“Get the big stuff”

by

Fifth Estate # 35, August 1-15, 1967

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“The chickens are coming home to roost”
—Malcolm X, Nov. 22, 1963

Malcolm was right, of course, and the chickens have come home so many ways since that grim day four years ago. Vietnam, Malcolm’s own death, riots across the country and now the biggest chicken of them all—the Detroit riot.

Detroit always does things up in a big way.

The destruction, looting, killing, and violence have been chronicled to such an extent that no repetition is necessary here.

This newspaper has concentrated its observations on the hippie, new left, and avant garde community it serves.

The geographical center of that community—the Warren Forest area near Wayne University—was relatively untouched by the holocaust.

The Fifth Estate office at Warren and John Lodge was unharmed as were the adjacent offices of the Artists’ Workshop, Trans-Love, Energies, and the Detroit Committee to End the War in Vietnam. Our newspaper office sported a “soul brother” sign and two large banners were hung from Trans-Love reading “Peace on Earth” and “Burn, Baby, Burn.”

Hippie and political residents of the Warren Forest area reacted to the situation just like their poorer neighbors—they took whatever wasn’t nailed down.

They joined the Negroes and Southern whites in cleaning out the stores on Trumbull and Forest, which now lie in ashes, the Krogers on Second and Prentis and other stores. Looters came back laden with goodies, swapping stories of harrowing experiences with the guardsmen and bartering goods that they had in excess. The mayor was certainly right about the “carnival atmosphere.” Everything was FREE.

Kae Halonen, a resident of W. Hancock, described the scene as that of integrated looting. “There was complete cooperation between the races in their common endeavor,” she said. “There were children carrying toys they never would have been able to afford.”

Detroit’s Communications Company, which distributes leaflets in the area put out a broadside that advertised “Detroit’s Summer Plunder Festival” and advised residents to “Get the Big Stuff” and “Loot—it’s the American Way.” One hippie was reported to have unlocked an abandoned gas station and was pumping free gasoline to anyone who came along.

When asked if looting was not contrary to the hippie philosophy of love, John Sinclair, head of Trans-Love and Fifth Estate staffer replied, “We told the merchants before the riot they should give everything away, but they wouldn’t listen.

“It’s a little out of hand, but it’s beautiful,” said one hippie. “It looks like Rome burning,” said another as he observed the city in flames from a rooftop.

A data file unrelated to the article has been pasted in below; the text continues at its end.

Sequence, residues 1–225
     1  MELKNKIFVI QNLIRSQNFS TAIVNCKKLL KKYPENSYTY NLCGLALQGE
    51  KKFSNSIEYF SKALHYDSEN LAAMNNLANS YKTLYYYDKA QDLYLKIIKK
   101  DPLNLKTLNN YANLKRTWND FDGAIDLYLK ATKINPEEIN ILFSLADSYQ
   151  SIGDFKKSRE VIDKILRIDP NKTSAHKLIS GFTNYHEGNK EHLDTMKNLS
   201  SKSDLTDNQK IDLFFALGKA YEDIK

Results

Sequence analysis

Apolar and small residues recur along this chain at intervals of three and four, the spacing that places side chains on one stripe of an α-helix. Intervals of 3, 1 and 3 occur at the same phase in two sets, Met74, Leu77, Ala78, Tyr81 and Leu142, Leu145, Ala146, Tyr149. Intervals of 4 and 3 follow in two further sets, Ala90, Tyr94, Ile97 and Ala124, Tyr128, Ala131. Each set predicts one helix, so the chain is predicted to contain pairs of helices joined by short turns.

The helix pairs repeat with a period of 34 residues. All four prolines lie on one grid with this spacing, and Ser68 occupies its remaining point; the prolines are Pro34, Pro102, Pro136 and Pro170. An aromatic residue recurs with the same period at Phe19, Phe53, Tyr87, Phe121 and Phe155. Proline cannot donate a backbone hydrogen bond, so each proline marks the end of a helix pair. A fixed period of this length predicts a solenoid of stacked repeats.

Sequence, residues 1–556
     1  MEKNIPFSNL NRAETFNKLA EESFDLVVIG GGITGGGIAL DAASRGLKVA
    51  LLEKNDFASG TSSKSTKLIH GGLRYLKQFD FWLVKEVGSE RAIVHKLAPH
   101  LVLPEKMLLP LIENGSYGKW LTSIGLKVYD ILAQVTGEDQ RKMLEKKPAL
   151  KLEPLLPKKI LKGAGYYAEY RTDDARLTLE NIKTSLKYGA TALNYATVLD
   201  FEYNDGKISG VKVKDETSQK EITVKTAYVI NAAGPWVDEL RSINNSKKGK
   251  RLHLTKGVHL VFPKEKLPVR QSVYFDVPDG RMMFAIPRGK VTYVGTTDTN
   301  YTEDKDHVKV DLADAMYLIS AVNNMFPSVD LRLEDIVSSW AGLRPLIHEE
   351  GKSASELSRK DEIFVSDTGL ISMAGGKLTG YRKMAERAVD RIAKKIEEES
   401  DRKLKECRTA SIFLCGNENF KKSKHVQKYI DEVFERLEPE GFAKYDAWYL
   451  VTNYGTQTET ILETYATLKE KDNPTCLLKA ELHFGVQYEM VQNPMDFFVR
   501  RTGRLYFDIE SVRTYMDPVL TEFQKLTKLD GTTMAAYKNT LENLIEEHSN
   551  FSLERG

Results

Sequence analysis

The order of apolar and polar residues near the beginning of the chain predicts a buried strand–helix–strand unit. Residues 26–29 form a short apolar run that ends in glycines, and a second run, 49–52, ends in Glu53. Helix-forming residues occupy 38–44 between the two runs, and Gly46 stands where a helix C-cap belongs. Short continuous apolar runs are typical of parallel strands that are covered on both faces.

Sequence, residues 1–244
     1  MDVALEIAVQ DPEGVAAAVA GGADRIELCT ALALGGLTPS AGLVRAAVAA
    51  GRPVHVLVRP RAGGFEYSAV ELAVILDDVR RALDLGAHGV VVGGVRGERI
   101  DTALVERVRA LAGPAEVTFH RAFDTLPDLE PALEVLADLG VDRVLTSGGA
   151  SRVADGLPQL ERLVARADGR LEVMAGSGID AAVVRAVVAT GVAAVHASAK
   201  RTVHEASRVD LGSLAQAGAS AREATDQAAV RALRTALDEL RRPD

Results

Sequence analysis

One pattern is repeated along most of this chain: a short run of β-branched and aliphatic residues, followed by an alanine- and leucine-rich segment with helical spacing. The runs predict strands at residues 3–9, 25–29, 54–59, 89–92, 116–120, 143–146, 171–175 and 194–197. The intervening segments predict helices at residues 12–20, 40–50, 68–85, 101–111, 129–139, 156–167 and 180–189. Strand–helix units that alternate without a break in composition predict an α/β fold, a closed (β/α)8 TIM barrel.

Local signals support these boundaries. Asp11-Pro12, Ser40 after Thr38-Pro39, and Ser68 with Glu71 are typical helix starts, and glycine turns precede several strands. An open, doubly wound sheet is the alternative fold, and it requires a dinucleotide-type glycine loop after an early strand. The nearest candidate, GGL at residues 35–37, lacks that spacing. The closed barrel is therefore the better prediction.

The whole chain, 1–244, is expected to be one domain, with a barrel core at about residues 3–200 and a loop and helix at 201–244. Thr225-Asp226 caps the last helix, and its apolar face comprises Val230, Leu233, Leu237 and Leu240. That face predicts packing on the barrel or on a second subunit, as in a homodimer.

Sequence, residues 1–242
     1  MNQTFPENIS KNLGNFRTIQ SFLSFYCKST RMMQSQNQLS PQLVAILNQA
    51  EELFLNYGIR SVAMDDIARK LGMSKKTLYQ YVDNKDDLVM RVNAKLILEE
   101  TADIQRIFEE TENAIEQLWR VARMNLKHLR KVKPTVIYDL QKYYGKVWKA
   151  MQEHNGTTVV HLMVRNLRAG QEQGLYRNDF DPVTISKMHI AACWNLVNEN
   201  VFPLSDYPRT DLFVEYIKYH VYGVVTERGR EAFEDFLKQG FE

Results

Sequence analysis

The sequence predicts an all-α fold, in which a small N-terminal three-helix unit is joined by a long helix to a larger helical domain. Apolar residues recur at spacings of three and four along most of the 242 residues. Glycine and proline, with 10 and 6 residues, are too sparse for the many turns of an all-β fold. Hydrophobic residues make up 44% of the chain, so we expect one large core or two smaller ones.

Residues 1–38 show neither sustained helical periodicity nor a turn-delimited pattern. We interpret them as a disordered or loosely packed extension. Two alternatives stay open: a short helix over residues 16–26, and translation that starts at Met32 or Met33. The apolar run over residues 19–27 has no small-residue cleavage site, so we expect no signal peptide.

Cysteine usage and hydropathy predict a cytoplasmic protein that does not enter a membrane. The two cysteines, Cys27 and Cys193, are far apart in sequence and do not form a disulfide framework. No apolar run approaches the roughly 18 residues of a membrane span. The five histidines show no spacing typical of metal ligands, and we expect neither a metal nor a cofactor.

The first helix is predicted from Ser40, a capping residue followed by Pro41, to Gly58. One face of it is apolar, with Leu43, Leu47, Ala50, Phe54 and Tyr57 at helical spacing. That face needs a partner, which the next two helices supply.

Wayne University was untouched by the rioting as was Mixed Media bookstore on Cass Ave. Also unscathed was all of Plum Street, which had protection from the Outlaws Motorcycle Club:

Residents of Prentis, near WSU, report severe abuse at the hands of the Detroit Police the second night of the riot.

Eric Glatz of 669 Prentis told of how police and national guardsmen entered his apartment and struck him several times. An eye witness report of other brutality appears elsewhere in this issue.

The Fifth Estate welcomes other first-hand reports of the riot, including illegal experiences. Anonymity of the writer is of course assured.

As I sat typing this story two carloads of Detroit cops in full battle gear pulled up to several citizens peacefully sitting in front of 633 Prentis. As they leaped from their cars they shouted, “Don’t you know there is curfew on?” It was 10:15 p.m..

“Stand up and touch your toes!” yelled one cop at those stranded in front of the building.

The cops searched their victims and in the process kicked one to the ground. There was no problem in the neighborhood, but that’s how it always is on Prentis.

H. Rapp Brown, chairman of the Student Nonviolent Coordinating Committee, who was arrested July 26 (veinte-seis de julio) for inciting to riot, said, “We (Negroes) built this country and we’re going to burn it down.”

And it looks like they will if Detroit is an example.

The toll is 38 dead; injuries in the thousands; 1,500 fires; almost 2,000 looted stores; 15,000 troops in the city; over 3,100 arrests; and about a billion dollars in property damage. All set records. That’s a hell of a chicken.

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